a third party this can be authorised by the agreement of the meeting. This is always done within the principle of balancing the rights of the individual against the need to protect the public from the risk posed. From the above, it follows that the free flow of information between individual agencies is essential if appropriate and proper planning is to be applied to the assessment and supervision of potential offenders in the community. For example, a Registered Sex Offender being released from prison may have extended family. The risk of harm against the children of that extended family will be assessed and protection put in place where necessary. To this end a joint visit by Police and Social Services will be carried out to the parents of such children to ensure that they are aware of the risks and that they are able to protect their children. At these meetings, restrictions on the contact the offender could have would be determined. Such cases would be subject to monthly scrutiny by the local Risk Management Group where the information held by each of the partner agencies is shared.

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4. Strategic Management Board Arrangements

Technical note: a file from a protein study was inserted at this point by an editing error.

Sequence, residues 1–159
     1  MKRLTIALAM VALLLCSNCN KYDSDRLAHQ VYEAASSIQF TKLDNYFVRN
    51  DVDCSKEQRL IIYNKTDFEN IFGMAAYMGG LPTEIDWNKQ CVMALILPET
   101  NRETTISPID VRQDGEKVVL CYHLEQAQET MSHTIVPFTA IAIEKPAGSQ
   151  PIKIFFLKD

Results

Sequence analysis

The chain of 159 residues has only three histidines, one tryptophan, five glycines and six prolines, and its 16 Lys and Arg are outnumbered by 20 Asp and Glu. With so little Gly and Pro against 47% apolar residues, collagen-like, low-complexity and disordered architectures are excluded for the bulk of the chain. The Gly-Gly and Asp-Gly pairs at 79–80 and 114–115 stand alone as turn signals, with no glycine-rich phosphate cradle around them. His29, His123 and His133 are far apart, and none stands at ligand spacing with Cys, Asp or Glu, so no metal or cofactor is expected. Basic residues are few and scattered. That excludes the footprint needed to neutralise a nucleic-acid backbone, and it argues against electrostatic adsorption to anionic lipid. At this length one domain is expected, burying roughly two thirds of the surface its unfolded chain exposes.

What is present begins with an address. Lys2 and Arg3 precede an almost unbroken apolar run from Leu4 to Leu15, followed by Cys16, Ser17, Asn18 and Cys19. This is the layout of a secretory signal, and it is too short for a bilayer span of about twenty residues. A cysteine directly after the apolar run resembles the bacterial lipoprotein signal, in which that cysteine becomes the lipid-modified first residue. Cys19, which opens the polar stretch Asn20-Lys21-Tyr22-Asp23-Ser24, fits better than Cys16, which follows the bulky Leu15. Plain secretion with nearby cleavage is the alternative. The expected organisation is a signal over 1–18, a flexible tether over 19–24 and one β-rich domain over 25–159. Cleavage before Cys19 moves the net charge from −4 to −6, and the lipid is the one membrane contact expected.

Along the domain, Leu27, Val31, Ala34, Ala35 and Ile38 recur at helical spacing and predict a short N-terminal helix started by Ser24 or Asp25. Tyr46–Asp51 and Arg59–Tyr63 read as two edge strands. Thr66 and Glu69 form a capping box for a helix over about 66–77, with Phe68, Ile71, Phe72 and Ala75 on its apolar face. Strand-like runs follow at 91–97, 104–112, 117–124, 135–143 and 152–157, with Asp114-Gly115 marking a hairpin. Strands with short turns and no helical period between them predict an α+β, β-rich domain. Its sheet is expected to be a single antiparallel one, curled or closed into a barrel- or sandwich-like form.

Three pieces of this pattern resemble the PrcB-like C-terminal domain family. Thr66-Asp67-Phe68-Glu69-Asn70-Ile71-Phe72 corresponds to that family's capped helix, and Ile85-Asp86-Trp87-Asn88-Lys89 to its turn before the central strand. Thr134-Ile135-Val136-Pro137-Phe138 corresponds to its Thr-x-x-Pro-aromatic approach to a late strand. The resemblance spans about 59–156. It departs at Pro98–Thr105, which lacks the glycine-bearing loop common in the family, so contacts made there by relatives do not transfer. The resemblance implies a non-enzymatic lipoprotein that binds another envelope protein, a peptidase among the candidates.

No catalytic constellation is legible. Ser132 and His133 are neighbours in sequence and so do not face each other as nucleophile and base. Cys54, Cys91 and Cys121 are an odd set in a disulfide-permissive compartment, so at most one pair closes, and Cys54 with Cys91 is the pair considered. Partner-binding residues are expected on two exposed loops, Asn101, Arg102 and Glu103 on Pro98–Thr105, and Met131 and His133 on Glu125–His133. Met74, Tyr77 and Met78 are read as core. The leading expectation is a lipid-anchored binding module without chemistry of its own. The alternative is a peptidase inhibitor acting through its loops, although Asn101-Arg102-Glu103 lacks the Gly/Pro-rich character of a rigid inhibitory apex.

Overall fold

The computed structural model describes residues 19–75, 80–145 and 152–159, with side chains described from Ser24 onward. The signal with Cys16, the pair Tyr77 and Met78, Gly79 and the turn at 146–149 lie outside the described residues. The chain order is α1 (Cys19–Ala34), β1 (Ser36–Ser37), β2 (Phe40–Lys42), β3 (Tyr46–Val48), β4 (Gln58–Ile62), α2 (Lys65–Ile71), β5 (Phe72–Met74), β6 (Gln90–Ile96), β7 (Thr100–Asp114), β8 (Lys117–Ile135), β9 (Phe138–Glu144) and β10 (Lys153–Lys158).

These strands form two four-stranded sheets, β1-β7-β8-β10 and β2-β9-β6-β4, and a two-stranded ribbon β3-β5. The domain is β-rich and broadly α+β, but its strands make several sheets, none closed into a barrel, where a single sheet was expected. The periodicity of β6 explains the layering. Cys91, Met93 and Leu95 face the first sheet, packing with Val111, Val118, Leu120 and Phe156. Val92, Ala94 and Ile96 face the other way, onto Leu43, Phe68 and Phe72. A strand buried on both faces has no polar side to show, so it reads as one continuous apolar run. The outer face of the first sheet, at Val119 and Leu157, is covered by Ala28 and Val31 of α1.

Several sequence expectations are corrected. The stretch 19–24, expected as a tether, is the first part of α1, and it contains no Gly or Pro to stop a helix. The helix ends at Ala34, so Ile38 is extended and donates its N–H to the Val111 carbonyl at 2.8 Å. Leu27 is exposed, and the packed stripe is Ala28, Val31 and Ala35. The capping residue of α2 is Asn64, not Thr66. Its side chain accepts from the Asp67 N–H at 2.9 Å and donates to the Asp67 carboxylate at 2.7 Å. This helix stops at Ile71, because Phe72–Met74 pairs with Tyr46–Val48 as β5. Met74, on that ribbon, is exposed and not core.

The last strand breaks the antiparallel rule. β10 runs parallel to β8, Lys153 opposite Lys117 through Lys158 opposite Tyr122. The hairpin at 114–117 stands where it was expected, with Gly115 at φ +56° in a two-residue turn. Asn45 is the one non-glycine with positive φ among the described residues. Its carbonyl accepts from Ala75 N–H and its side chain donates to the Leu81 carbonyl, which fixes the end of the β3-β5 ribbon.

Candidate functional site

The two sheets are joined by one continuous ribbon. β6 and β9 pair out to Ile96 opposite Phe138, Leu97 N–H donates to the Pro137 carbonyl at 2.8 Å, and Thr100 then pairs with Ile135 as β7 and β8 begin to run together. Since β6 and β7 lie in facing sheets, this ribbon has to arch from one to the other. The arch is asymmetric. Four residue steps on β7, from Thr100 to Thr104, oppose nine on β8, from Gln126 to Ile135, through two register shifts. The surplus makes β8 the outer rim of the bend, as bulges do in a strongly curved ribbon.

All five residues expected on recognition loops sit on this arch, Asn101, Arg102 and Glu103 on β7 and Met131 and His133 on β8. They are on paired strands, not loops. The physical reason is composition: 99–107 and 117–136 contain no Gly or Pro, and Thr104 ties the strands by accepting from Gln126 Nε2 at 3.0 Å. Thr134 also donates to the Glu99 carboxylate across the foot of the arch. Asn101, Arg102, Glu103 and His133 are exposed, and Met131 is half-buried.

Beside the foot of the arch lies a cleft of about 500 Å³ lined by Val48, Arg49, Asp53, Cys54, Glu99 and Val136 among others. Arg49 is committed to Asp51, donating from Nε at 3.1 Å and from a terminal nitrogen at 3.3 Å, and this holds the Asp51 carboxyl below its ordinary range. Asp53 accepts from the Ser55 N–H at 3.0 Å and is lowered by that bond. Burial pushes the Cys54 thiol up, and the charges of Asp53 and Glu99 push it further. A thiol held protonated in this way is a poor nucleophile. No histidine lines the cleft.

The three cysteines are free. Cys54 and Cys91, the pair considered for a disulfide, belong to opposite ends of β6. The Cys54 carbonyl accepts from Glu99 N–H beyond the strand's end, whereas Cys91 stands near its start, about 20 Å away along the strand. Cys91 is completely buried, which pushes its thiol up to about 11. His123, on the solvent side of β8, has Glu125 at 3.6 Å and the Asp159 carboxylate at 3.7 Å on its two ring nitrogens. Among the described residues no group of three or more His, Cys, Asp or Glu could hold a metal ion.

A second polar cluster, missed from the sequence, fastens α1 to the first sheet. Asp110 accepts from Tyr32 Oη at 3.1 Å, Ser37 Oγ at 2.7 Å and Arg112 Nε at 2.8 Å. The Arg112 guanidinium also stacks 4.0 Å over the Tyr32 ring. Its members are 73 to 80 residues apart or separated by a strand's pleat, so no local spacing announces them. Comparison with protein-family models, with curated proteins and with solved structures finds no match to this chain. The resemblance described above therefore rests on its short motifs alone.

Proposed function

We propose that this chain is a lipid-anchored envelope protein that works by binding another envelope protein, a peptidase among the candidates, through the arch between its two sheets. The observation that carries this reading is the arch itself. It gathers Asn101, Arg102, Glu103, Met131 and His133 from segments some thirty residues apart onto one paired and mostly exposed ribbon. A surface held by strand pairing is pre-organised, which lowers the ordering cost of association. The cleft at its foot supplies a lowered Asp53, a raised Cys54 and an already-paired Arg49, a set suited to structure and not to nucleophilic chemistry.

The Strategic Management Board is an inter-agency forum responsible for determining how the various services and professional groups should co-operate to exchange relevant information and to assess and manage the risk posed by the offenders for whom they hold responsibility. Partner agencies are represented on this group by senior managers who are able to commit resources, commission training and promote good practice. Their responsibilities include the development of local policies and procedures to evaluate and review the effectiveness of the Multi-Agency Public Protection Arrangements and to review and monitor the key performance indicators. They will be responsible for the recruitment, training and support of Lay Members, the identification of the training required in the Area and the

development of the Public Information and Education strategy.

The Strategic Management Board is currently considering the Further Guidance provided by the Home

Office which will be implemented incrementally from 1st May 2003.

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5. Victim Work